You've probably seen a video of a flash mob on Facebook or elsewhere on the Internet, those groups of people who start singing or dancing to a practiced routine out of nowhere, delighting those who just happened to be in that public space to witness the amazinginess for a few moments, and then stop just as abruptly, re-engage their regular persona and carry on about their business.
The effect this phenomenon has on the audience is remarkable, me included, even though I'm watching the after-market version. It's an opportunity to see a miracle on many levels, and it affects me in that way every time. Knowing what Herculean effort it took to organize such an undertaking, getting people to show up for rehearsals and then the percentage of folks who show up on time for the performance itself--that alone makes something like this miraculous.
Another fabulous quality of the experience is the response of the crowd in attendance. Once it's clear what's going on and the audience can relax without worrying that something weird is starting to happen, everyone within hearing distance streams into the usually standing-room only viewing area, electronic recording conveyances of all manner begin to roll, and female elders and small children join in as best they can.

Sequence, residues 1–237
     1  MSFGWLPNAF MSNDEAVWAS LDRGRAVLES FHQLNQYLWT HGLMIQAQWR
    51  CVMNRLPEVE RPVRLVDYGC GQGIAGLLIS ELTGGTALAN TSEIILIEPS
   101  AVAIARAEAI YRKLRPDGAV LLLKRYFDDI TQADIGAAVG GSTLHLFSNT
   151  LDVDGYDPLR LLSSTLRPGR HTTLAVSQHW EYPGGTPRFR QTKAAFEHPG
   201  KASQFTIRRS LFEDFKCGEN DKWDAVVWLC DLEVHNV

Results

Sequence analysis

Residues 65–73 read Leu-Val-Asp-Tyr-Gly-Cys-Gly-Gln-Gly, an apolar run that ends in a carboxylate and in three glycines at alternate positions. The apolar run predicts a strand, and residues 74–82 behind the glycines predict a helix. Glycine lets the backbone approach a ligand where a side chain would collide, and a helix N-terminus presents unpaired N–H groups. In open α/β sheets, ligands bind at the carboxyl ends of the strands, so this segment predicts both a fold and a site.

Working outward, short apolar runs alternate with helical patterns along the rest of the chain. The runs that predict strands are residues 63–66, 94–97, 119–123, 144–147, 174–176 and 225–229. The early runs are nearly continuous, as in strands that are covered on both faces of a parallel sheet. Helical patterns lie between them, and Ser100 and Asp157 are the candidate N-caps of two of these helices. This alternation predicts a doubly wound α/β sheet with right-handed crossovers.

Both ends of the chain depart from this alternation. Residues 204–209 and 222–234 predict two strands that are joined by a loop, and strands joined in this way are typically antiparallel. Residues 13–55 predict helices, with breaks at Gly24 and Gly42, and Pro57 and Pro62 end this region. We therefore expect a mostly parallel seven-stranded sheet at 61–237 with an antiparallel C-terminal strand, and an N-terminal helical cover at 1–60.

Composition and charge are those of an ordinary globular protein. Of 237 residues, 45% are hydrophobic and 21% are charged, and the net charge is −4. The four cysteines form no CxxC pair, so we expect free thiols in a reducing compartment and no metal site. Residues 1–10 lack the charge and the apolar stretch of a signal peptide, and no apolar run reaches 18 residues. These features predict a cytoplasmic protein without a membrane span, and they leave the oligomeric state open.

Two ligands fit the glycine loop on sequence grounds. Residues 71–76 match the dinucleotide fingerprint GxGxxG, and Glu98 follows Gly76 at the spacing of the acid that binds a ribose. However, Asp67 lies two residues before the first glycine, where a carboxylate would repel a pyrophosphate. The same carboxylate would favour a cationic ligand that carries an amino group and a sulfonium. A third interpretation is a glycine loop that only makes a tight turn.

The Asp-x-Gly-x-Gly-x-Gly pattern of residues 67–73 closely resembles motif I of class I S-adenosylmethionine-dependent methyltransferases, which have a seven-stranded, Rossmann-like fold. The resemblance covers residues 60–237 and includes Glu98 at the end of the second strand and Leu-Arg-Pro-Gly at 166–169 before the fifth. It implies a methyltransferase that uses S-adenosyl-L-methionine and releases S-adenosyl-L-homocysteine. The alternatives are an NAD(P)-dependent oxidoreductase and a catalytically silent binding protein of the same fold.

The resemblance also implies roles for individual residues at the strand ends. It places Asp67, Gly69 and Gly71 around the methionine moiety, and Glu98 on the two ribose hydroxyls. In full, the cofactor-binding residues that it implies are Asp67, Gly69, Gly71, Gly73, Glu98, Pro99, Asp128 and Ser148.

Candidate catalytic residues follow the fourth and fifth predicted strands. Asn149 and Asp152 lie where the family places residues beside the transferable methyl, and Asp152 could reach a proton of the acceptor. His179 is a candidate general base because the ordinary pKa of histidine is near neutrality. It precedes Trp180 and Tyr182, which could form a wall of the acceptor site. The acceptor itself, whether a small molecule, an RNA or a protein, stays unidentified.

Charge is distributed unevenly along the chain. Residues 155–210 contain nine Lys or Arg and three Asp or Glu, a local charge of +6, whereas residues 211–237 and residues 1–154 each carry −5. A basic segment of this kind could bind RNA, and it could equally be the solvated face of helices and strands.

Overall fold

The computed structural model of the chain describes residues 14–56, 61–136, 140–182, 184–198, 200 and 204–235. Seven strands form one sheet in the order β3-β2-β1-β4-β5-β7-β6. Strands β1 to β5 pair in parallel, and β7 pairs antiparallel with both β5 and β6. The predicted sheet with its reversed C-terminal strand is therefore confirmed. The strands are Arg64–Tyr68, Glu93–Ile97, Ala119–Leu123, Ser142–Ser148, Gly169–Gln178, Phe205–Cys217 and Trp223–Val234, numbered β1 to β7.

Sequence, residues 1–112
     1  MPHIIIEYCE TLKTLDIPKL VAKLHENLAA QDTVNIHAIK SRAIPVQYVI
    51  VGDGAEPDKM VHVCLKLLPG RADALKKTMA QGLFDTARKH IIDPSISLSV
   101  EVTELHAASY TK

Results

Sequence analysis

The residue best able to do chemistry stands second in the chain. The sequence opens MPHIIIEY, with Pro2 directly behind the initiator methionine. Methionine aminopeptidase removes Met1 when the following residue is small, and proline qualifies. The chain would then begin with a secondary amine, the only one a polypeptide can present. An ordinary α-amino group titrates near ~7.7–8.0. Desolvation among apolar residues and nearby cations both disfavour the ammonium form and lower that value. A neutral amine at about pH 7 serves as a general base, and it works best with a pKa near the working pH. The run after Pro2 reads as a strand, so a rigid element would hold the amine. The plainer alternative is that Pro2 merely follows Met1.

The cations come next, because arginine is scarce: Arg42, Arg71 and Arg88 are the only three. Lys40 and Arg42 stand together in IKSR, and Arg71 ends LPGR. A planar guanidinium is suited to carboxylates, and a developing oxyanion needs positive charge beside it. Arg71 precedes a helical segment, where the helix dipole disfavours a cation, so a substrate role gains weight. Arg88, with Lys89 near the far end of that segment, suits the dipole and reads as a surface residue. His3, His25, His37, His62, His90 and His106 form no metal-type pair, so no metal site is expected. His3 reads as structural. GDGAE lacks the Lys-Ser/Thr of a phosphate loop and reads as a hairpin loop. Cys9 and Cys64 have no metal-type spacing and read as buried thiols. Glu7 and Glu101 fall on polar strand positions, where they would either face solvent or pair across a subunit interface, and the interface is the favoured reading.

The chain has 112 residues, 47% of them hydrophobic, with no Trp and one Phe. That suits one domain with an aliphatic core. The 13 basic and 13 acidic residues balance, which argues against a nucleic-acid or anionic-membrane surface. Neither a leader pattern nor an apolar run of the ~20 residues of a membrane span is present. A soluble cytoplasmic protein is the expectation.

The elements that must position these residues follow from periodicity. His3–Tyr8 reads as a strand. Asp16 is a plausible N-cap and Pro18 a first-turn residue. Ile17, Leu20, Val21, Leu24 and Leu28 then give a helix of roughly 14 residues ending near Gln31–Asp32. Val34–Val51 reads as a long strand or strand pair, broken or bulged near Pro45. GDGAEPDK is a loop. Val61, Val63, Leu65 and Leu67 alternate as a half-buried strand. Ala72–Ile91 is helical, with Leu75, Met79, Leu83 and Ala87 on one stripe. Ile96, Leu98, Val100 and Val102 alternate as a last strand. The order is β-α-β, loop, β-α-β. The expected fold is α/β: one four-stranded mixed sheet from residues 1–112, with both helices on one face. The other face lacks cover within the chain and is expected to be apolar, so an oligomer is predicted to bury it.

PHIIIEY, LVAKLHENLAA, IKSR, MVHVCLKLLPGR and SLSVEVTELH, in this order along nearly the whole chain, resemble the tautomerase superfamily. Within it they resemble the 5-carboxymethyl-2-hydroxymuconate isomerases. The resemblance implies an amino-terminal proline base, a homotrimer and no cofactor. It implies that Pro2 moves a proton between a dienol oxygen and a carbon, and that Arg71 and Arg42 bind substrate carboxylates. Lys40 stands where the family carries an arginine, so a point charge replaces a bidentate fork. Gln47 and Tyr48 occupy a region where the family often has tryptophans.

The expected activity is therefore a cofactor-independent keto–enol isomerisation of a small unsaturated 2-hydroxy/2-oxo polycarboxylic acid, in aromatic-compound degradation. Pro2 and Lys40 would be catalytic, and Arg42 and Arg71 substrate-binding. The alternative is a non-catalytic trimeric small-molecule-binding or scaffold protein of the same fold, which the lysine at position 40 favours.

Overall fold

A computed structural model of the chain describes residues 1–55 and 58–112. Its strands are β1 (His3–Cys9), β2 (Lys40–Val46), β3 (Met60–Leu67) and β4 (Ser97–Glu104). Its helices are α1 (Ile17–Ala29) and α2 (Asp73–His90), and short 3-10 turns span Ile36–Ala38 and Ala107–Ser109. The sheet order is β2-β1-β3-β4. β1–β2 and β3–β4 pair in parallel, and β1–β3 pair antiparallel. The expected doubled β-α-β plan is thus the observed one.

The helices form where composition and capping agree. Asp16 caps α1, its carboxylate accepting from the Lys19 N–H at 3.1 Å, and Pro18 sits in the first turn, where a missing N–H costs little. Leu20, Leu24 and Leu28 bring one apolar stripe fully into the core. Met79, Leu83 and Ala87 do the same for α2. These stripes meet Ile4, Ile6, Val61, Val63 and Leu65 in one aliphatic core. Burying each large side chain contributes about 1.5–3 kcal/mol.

People stop whatever they were doing and focus elsewhere.
As long as the well-chosen music plays, whatever background noise was playing in our awareness--the thing that's been on our mind today, a relationship that's not going so well, the problem that we keep chewing on and can't seem to let go of--is suddenly dropped and completely forgotten.
It might even take a minute or two to recall what the heck it was we were doing and where we were going as we process what just happened back there.
This power of distraction that provides shifts in our moods and our perceptions is exactly what I teach my clients to harness and then brainstorm ways to infuse into their day-to-day lives.
Identifying the things, people and circumstances that delight, inspire and recharge us--I call them joy pullers--and then choosing to focus on them in the moments we are caught up in what exasperates, confuses and depletes us, is nothing less than the key to freedom.